If a tail broke off due to high speeds, maybe you'd get some arcing of electrical wires, but fuel would have to ignite for a bright flash to occur. That's still possible of course, but I'll go with lightning first (mainly because I've working in the lightning area and the carbon fiber area while at Raytheon and I know the headaches Beech Aircraft had in metallizing their first carbon fiber aircraft for protection against lightning strikes).


RE: Am I on Crack When It Comes to Flight 447?


I though that carbon was fairly conductive.  Although not as conductive as aluminum wouldn't it do a fairly good job of dispersing the charge over a larger area?  or is the resin so non-conductive that even if the charge can be carried by the carbon tows, it can not easily spread from tow to tow.  It sounds like you are the right person to ask from your experience at Ratheon.  Don't some fabric weaves include a metal filament with the fiber?

Thanks for sharing details about this.


Kirby Wilkerson

Remember, first define the problem, then solve it.

RE: Am I on Crack When It Comes to Flight 447?

Vertical stabilizers have been breaking off airplans for a long time.  The Navy Tacamo program lost a vstab off of a 707 during flight testing, a B-52 came home without the vstab, there has been combat damage that left airplanes coming home without it as well.  Also crop dusters regularly slice off the vstab flying under wires they shouldn't be flying under.  The metal ones break off sometimes, why would we think a composite part isn't subject to the same failures.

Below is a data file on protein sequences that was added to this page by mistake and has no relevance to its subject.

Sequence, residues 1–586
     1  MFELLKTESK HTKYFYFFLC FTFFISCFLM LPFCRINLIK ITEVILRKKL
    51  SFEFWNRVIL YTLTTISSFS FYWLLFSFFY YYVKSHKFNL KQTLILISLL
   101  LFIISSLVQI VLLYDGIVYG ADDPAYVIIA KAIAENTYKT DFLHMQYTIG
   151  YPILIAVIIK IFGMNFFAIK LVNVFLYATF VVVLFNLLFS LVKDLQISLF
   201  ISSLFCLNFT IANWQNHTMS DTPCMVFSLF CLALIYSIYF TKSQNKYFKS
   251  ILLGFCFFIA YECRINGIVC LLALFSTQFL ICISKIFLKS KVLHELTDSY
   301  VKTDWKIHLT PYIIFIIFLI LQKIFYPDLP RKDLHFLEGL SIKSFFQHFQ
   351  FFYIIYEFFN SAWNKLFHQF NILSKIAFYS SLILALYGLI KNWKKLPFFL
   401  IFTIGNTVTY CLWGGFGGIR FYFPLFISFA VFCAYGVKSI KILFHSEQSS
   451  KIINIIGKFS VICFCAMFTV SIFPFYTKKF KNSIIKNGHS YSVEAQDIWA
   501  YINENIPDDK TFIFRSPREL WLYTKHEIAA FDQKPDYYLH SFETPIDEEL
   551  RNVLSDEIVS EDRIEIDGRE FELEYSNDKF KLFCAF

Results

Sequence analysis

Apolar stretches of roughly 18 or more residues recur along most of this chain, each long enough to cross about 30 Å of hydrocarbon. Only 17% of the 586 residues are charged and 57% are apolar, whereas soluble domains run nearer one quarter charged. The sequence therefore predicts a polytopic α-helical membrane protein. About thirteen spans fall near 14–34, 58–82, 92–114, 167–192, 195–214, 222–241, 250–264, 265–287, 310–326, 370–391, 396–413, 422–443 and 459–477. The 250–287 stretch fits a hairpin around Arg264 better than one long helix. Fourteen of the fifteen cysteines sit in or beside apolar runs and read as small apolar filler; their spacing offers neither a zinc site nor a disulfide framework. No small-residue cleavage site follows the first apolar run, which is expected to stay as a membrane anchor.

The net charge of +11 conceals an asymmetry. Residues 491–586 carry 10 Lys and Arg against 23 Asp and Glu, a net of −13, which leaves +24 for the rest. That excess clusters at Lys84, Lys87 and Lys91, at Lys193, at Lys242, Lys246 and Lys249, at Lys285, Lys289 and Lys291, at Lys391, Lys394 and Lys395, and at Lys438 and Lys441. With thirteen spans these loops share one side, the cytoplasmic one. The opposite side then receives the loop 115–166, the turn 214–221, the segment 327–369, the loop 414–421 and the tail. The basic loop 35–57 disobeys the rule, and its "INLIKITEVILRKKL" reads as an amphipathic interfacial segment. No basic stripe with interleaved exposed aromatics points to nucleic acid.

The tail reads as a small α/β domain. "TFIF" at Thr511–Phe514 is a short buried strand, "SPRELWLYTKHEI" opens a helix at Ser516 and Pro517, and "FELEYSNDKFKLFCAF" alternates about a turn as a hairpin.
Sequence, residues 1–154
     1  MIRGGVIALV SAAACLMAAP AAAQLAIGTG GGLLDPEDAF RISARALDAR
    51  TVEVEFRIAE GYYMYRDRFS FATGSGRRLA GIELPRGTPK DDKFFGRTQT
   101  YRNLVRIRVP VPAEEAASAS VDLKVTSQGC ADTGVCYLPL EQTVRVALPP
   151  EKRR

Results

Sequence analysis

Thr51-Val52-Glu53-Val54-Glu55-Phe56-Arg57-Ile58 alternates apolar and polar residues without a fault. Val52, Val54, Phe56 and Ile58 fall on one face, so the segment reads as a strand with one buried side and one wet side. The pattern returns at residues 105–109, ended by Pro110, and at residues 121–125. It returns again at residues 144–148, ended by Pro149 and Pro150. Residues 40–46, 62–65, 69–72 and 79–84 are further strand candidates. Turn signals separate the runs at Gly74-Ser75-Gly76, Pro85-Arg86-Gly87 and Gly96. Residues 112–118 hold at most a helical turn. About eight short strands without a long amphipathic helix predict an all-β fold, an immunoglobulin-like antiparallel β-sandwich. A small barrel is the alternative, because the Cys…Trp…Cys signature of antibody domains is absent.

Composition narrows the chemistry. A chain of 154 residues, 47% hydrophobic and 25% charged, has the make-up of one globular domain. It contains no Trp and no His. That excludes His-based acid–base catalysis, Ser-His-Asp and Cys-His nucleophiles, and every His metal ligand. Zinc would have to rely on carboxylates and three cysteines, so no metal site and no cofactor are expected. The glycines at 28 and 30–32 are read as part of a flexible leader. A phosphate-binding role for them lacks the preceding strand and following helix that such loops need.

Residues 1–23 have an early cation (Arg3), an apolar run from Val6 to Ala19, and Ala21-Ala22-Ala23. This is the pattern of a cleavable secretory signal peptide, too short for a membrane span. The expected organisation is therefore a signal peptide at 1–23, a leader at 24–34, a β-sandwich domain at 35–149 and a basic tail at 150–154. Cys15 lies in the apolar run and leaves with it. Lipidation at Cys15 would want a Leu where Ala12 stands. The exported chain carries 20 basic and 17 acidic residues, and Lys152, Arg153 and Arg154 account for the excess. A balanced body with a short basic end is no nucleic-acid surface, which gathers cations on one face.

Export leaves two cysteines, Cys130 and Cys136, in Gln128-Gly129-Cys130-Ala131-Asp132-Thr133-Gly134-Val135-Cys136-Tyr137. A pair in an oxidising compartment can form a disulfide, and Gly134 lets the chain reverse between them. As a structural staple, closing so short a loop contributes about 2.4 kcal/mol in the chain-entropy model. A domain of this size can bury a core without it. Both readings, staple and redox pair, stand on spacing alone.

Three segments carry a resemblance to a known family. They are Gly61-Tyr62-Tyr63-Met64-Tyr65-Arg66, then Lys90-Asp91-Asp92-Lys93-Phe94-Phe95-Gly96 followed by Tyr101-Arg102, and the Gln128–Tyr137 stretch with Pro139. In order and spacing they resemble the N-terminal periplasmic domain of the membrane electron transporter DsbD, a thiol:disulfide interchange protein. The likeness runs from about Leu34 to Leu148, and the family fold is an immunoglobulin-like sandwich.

And I'll throw in my 2 cents on pitot tubes.  I cant think of any pilot in cruise flight who would change power settings due to an erratic airspeed indication, particularly if it wasn't associated with groundspeed deviations on the FMS.  You just leave the power set and evaluate the problem.  If 1.80 EPR got you there, it keeps you there.  And in a thunderstorm, erratic altitude and rate of climb info isn't too unusual, but if it correlates to the direction the airplane is tossed around, it is ok, and pilots are trained to hold pitch and bank.  And the aiutopilot will do the same with altitude hold off.  And as long as the airplane has the structure to handle it, they pop out the other side off altitude and heading, but in one piece.